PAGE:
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Thunderstone Advance: Root of Corruption - Board Game Box Shot

Thunderstone Advance: Root of Corruption

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Root of Corruption is the second expansion to the very successful deck building game Thunderstone Advance: Towers of Ruin.

Kill at the Root
The corruption runs back to the source–Dun Ordha, capital of Tala. After a long struggle with Doom, good King Caelan and his royal guard have succumbed. Curses manifest as monsters, and citizens are their minions. Worse, an army of monsters camps outside the city. War comes to the very center of peace.

Now you fight on two fronts–the sieging army outside the walls, and the bloom of corruption within. Can you defeat the final Thunderstone bearer, force Doom out, and save the world?

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AEG fan
20 of 20 gamers found this helpful
“Cooperative Siege Mode, a Great Addition”

If you are like me and enjoy Thunderstone, then more cards is always a good thing! What really sets this expansion apart, however, is the cooperative siege play option, so I’ll focus my review on that. The quick version: I think it’s a really great addition. Read on for the details!

Game play in a nutshell:
The coop mode is for 3 or more players who start out with the same basic deck as in Thunderstone Advance, with the same basic village setup. The major change is that you place the siege playmate over the dungeon part of the board. This sets it up so that there are several ranks of monsters who are moving towards the village. They start in the back and progress slowly so that you do have a chance to gear up before they arrive. Experience tokens are placed in front of the ranks to represent the blocks of the wall. If a monster makes it all the way past the first rank, you lose one block from the wall. Then, its a race to see what happens: a monster makes it through (players lose), or your survive to the end of the siege in which case you add up the victory points of the players and compare that to the victory points of the invading army (those creatures that survived + 3x each block).

The monsters start in the furthest row, all face down. After each player you flip one face up. When all of the back row is face up, it moves forward one row. If there is a creature in front of it, this creatures moves forward. Etc. In this way the creatures move slowly, but inexorably forward. This also lets you know who you need to pick off next to avoid a creature getting through.

The rest plays more or less the same as the basic rules with each player taking a turn and choosing whether to hit the dungeon, village, rest, or prepare. And, of course, the players are aiming to work together to protect the village, not to defeat each other.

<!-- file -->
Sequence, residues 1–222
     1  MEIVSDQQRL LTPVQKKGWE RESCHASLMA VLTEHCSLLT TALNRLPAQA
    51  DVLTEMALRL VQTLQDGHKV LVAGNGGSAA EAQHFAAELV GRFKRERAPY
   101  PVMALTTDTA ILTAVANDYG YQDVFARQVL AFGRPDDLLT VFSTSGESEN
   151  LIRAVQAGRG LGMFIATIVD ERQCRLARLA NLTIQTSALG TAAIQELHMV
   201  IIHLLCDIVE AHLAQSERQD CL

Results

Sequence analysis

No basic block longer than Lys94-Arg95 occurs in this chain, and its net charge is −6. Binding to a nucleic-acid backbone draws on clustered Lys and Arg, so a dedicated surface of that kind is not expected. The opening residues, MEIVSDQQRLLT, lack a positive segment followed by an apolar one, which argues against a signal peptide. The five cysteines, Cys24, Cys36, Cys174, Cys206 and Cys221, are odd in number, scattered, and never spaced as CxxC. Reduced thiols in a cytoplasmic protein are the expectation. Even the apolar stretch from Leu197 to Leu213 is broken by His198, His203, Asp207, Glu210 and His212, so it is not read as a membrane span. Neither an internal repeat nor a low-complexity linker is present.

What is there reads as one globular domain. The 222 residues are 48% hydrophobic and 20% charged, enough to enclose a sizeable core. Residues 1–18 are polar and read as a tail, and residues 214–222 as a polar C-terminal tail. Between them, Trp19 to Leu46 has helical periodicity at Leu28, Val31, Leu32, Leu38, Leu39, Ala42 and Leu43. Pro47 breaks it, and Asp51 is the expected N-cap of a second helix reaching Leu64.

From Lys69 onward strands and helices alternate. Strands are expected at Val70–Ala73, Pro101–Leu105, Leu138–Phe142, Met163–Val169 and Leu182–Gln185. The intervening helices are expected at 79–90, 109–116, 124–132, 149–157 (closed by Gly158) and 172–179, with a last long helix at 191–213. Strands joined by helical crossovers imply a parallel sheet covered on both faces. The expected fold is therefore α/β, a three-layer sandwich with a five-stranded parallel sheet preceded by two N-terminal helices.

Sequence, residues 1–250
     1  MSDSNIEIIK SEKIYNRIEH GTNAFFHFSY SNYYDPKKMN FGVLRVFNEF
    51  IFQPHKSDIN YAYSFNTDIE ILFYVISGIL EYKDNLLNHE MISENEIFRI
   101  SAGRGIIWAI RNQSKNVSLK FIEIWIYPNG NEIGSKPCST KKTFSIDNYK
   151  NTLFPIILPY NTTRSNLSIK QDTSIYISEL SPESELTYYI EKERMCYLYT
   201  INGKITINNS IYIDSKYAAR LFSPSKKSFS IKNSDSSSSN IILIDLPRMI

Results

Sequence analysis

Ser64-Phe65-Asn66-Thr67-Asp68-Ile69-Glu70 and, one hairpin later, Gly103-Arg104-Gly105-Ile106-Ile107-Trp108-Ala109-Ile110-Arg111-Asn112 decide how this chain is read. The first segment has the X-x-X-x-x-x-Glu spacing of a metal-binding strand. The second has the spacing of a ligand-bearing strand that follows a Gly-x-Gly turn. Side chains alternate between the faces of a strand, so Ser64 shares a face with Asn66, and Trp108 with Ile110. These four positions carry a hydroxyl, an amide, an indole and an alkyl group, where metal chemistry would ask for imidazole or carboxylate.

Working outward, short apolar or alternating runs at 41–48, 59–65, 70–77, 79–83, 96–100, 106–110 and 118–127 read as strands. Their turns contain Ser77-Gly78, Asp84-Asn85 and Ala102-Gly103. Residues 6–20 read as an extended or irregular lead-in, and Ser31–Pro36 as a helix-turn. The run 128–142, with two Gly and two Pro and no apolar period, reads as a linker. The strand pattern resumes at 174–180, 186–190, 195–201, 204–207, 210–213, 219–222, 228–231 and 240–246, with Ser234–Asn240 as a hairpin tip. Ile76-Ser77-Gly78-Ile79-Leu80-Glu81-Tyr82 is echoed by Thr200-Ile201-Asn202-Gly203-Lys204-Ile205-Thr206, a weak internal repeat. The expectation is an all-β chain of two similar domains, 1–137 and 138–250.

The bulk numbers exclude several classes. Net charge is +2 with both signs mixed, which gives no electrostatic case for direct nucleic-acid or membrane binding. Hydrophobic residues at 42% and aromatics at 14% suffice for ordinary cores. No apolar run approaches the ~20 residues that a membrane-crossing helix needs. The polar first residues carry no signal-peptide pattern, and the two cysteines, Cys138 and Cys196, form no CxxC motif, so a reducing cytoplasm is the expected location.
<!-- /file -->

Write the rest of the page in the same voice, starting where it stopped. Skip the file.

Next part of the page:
The box is a bit cheaper than the others, but that doesn’t really matter if you store all of your cards in the base box as I do.

The cards are great. They all reflect the Caverns of Bane quality without the color issues of the Root of Corruption print. At first I was bothered by the color differences in the cards, but I really didn’t notice them during play. Also, its kind of awesome that AEG replaced the Ambusher cards from the base set to make them more easily identified. Kudos to them for that.

The playmat. This is the most controversial piece and the reason for my low score on components. Rather than a board as in the main set, it is basically a poster that was somewhat badly folded. It shows some creases pretty easily, and I imagine that will only worsen with time. It is big and clearly printed, and mostly does its job. I do wish it had a few more spots because siege mode requires you to track even more cards than usual (all of the monsters that make it through, and the monsters that you discard in the revised rest action but still need to score the endgame). But for its primary purpose of helping you to line up all the monsters and remember their light and attack penalty, it is just fine.

I really really like this additional option. I think it plays quite well, and the best part is that 95% of the mechanics are identical to what you are used to from Thunderstone already. The cards play the same, the actions are the same, and all of your cards just work. That means you can get up and running quickly, and it brings all of the aspects of Thunderstone that I really enjoy along for the ride.

The monster advancement is a simple but clever approach to making this a challenging and fun game. We very quickly felt the “pressure” of the monsters moving in on us, the excitement of being able to fight off some of the creatures, and the disappointment of having to go through a turn without attacking. The decision of whether to hit the village to level up or to attack became a tense one in a fun way. I played with my wife, and we settled quickly into a nice balance of feeling “ownership” over our own heroes, but also consulting on which monster to kill, and occasionally which village purchase was most valuable. Which is to say, it was a nice balance of individual versus cooperative choice. I imagine that like any coop game, it might run into trouble if there is a real alpha personality in the room, but we didn’t run into that.

The three player minimum might be an issue for some. For us, we got around it by having me play 2 characters instead of just 1. I’ve seen posts somewhere by a person who tried 2 players and thought it worked just fine.

So, to sum up, I think this is an awesome way to get more bang for your buck out of Thunderstone. I’m excited to use the new cards in a traditional game, but also thrilled that I now have a coop game that works with all the Thunderstone cards I’ve got, and with the same basic mechanics. I’m definitely looking forward to this hitting the table again sometime soon.


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